The federal government’s Permitting Dashboard tracks about 60 different permits and reviews that infrastructure projects may require from at least a dozen federal agencies to move forward with construction.1 Unnecessary delays in getting those approvals cost money for both the public and private sectors. For example, direct costs can go up if the costs of materials, supplies, or labor rise during a delay. There is also a public cost to delaying needed infrastructure improvements—for example, older facilities generate more emissions and often require more frequent and costly repairs. A report by the nonprofit organization Common Good estimated the cost of delaying the start of all U.S. public infrastructure projects by six years to be $3.7 trillion.2
Building on the FAST Act
In recent years, finding ways to fast-track the process of issuing federal project approvals has been a bipartisan objective. The Obama administration launched the Permitting Dashboard to make the review schedule for high-priority projects transparent to the public. Before that, the Bush administration created a task force to help move complex projects through the permitting process.3 Most recently, President Trump has taken a number of steps to continue this work and implement the FAST Act (P.L. 114-94), which contained several provisions aimed at improving coordination and schedule adherence in permitting decisions.4 Executive Order 13807 is perhaps the Trump administration’s most notable effort to-date, setting an ambitious new target of two years or less for processing approvals for major infrastructure projects.5
Through a mix of executive orders and rulemaking, the administration has made progress on several key bipartisan goals:
- Empowering key decision-makers;
- Continuing to expand the Permitting Dashboard;
- Institutionalizing and expanding the use of the FAST Act permitting reforms; and
- Encouraging further uptake to the Surface Transportation Delivery Program, which allows states to assume some federal environmental review and permitting responsibilities.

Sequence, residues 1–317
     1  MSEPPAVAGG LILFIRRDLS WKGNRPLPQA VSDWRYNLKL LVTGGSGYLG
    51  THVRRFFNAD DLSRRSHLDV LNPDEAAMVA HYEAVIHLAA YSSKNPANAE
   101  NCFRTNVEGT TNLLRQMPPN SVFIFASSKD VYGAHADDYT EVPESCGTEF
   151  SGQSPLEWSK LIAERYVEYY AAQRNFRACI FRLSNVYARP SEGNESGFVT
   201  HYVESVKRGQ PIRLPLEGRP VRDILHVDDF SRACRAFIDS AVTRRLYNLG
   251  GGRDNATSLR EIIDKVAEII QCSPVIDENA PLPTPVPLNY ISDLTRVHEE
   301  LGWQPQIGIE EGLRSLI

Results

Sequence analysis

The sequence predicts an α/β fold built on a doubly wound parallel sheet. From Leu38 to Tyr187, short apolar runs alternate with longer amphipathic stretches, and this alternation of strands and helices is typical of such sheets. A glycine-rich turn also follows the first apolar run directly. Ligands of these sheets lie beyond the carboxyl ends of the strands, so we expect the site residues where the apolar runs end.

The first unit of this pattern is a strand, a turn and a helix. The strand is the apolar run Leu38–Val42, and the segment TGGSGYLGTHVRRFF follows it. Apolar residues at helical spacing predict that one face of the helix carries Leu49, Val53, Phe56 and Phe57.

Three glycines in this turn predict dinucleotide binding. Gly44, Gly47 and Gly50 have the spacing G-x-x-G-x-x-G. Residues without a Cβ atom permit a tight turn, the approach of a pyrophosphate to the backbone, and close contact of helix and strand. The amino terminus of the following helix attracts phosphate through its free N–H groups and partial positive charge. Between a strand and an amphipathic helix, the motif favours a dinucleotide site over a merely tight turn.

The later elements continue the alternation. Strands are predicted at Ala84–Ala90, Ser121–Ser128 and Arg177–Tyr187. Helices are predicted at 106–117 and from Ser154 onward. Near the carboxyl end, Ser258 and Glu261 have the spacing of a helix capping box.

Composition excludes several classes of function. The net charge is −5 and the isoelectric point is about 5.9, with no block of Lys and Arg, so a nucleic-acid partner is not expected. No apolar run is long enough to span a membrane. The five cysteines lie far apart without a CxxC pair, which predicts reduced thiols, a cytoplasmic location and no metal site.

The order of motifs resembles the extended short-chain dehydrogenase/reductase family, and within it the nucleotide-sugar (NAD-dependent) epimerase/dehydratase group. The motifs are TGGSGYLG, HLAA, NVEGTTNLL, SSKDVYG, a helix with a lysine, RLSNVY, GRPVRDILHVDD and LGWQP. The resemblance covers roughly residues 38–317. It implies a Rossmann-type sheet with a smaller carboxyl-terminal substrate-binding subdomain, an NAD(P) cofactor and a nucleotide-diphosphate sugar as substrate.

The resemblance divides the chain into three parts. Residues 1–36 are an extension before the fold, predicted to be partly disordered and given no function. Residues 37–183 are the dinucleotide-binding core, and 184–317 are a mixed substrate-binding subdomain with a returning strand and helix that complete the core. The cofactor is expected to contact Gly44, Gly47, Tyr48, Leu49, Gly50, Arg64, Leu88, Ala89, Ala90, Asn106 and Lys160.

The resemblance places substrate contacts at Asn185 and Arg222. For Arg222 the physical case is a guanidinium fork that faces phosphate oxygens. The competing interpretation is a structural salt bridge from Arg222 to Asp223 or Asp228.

What More Can the Federal Government Do?
Increase data collection and transparency: While Executive Order 13807 included a federal commitment to transparency and accountability in environmental reviews and agency decisions—including new cost estimates, continued Permitting Dashboard tracking, a new performance scoring system, mandatory explanations for agency delays, and government-wide assessments of process inefficiencies—these efforts are not all in place. If the administration can successfully implement these measures, they would go a long way in increasing the broader understanding of what can hold up a project and informing any future reform efforts.
Make simultaneous reviews the norm: Executive Order 13807 laid out a general federal commitment to providing environmental review and permit approvals in a “coordinated, consistent, predictable, and timely manner,” setting a goal of completing approvals in two years or less. Meeting such a goal will certainly require simultaneous multiagency reviews. However, there is little evidence thus far that this has yet become common practice.
Complete implementation of other FAST Act permitting provisions: Though implementation is still incomplete, the administration completed two related rulemakings in September, showing some progress. Admittedly, further progress faces a key challenge, namely that great care must be taken to ensure that implementation aligns with new initiatives the administration has introduced by executive order and avoids adding additional bureaucracy to the process.